Not, if we were never to see her again after our one moves on, will we be anything but grateful for the love, care, capability, enthusiasm, intuition, warmth, and empathy our childminder had for her while in her care. Our choice was based mostly on chemistry, backed up by recommendation. Letters after her name would never confer any of these talents on her, and certainly won’t guarantee better terms and conditions, as workers in various other caring and community sectors who require them can attest. And as the latter unfortunately know all too well – there is no utopia in sight where jobs are guaranteed on the basis of the assumed worthiness of the work, and the best learning and skills don’t come from a lecture theatre only. Those who enter it exclusively for purposes of compensation from changing family circumstances, or the need to diversify to fit with family circumstances, are in for this rude awakening.

Chasing postcodes

Back in the boom (shake shake the room), Ardal O’Hanlon quipped that the arrival of Eastern European communities meant Irish folk could finally use the WXYZ sections of their address books. Too late for the tattered book in my folks’ house. You know the one; every household has one. Ours is usually sandwiched between the latest regional phone directory and an envelope bulging with memorial cards passed on from grieving friends and relatives down the years. That dog-eared antique had barely margins available by the millennium, and now doubles up as a whistle-stop tour of the lives of the off-spring.

It’s no coincidence the only numbers scribbled in the back pages next to a ream of scored-through dodgy addresses (up-and-coming actually *flings nose in air*) include: Western Union, PPS numbers, NI numbers, bank accounts, and the numbers of payphones on many a draughty landing. There’s also the number of the local pizza delivery service. Emergency information, in short.

All of page X and most of Y (why? indeed) are taken up with a string of residential dots that join up to my current cell, while one brother squats all over Z. It’s no coincidence either that the more ..shall we say.. solvent..siblings have barely a page between them. Losers. But enough of this exploitation of any opportunity to project my personal failings on to them.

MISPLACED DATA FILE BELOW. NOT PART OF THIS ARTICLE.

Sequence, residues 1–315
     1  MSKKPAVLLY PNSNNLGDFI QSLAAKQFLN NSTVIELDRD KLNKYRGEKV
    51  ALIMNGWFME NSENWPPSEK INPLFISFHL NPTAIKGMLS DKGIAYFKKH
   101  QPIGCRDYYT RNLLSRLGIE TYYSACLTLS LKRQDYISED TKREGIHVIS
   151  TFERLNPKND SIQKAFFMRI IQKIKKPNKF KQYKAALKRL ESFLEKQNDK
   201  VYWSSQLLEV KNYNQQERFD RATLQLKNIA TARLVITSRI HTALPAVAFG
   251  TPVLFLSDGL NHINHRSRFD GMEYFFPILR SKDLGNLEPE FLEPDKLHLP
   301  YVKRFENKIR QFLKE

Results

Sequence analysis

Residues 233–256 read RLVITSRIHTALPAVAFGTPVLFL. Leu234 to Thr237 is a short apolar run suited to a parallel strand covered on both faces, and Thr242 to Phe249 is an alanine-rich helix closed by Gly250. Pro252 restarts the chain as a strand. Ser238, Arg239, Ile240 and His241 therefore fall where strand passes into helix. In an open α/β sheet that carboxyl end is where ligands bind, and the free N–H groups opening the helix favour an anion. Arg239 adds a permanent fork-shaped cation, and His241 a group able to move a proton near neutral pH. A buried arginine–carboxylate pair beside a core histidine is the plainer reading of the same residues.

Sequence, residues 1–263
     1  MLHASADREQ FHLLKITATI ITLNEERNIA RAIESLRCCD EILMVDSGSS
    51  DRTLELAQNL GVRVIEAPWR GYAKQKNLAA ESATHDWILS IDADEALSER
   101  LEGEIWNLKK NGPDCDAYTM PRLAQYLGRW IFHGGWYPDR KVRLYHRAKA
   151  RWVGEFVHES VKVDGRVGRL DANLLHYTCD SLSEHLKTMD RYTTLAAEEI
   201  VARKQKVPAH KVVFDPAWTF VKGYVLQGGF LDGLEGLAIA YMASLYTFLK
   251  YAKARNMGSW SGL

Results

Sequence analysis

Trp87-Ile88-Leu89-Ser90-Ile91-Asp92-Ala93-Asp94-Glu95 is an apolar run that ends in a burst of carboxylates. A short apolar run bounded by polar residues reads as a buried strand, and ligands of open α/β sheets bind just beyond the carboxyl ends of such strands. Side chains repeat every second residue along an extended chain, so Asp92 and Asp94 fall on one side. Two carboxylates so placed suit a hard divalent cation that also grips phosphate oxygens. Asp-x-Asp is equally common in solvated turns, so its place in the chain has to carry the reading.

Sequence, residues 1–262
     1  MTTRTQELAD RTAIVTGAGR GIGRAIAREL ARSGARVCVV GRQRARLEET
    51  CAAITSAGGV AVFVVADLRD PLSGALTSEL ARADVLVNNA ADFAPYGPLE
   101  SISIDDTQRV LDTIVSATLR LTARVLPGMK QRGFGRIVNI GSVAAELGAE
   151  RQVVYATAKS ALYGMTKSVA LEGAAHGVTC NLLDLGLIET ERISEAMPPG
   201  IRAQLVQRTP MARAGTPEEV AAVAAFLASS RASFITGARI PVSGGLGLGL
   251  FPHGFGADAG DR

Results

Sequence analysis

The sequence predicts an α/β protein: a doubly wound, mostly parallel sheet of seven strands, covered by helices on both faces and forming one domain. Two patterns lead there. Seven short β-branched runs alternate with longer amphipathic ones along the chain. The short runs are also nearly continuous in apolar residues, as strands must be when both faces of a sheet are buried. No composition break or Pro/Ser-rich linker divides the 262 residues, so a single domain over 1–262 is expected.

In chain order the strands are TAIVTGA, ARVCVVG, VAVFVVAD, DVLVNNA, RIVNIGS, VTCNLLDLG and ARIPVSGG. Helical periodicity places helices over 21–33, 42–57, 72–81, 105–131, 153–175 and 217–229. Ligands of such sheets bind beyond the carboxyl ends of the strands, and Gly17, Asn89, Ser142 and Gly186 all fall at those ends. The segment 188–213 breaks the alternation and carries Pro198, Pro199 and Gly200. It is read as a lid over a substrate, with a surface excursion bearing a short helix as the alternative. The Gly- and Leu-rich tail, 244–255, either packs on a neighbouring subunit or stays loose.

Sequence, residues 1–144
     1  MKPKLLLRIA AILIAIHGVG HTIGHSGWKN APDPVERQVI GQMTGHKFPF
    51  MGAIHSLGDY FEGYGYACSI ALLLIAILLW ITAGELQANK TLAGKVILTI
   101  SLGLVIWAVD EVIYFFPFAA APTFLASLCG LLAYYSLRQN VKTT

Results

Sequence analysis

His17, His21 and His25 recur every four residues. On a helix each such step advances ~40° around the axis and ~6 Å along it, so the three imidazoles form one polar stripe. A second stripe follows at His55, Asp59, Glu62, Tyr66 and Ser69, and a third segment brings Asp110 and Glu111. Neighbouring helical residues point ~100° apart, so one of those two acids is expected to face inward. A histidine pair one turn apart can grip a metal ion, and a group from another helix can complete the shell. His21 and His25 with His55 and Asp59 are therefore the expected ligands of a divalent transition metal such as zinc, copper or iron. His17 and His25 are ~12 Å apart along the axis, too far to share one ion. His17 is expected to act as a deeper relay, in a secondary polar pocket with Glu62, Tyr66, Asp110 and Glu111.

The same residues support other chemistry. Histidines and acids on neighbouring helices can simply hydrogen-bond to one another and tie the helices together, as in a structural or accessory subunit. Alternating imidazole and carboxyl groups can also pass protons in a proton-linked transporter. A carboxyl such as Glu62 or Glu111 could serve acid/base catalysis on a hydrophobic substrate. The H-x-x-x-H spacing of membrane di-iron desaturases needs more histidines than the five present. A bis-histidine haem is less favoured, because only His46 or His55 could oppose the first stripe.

This week’s form-filling tasks involved listing my previous addresses stretching back over various criminally dodgy hair-dos. The final tally came in at well above twenty. Barring the mothership, I’ve been in the current one the longest. It’s no coincidence I’m…etc. etc.

I couldn’t remember if that flat where the crazy Spaniard cut up my beloved Rocketdogs in an impressive act of revenge was number 27 or 29. There was that street I remember because it sounded like vulva, and I still have occasional flashbacks of my first bedsit in Grosvenor Square. Nasty ones that feature woeful attempts at flirting with the professional cameraman who lived upstairs (“Oh, I like photography, too”), and almost killing my landlady who lived in the basement flat with my amateur DIY skills. Yikes.

Turning the corner into our road last week, I spotted the giveaway signs of another house I lived in three doors down even though I’ve never set foot in it. The living room blind hangs at half-mast as a mark of respect to the new arrival, and an invitation to day-light to come in and sit down. The blanket-draped handle of the pram the only visible sign of life.

Late at night, the dim glow from the corner of the upstairs window is barely noticeable. In the mornings, I occasionally pass the same midwife who ordered our blind up, our heating down, and straddled me on my own bed with a nipple protector. Glancing in my rear-view I see her pull up at their driveway.

I’ve heard of folk returning to their former home-places unannounced because they happened to be in the area and fancied a nose-around. I’ve thought about knocking on the door with the offer of something, but I think we only exchanged hellos once by the milk shelf in the local shop. The thoroughly modern neighbourly relationship that could get you reported for stalking if you smiled.

I wonder what she’s done with the place. Moses basket or crib. Does the double-bill of Frasier herald the transition into normal morning time as she once knew it inbetween never-ending rounds of toast? If she’s not dressed by noon will she bother her arse getting dressed at all? If she isn’t dressed in another three months, will she make it out the door confidently by six? Who knows what goes on behind closed doors.

fridge

This fridge has no pâté. Quick! Call the parenting line!

Still, I’m curious if her best laid plans include trips to the cinema; whether she has friends and family nearby, and if she wishes everyone would just fuck off and come on over, at exactly the same time. Does she attempt a few selfies with the child for her mates overseas that won’t ever be sent but will actually look not so bad in hindsight. Will her hindsight rely on these photographic artefacts to jog her memory of these early days when she became a fugitive from certainty. Is she wishing she could sleep when her baby does or has she quit trying to grab hold of that mythical lifeline, and taking perverse pleasure in pâté and re-runs of One Born Every Minute by mid-afternoon instead. Does she wonder if she took a shit during labour and suspects everyone present protected her from the truth, or does she not…give a shit.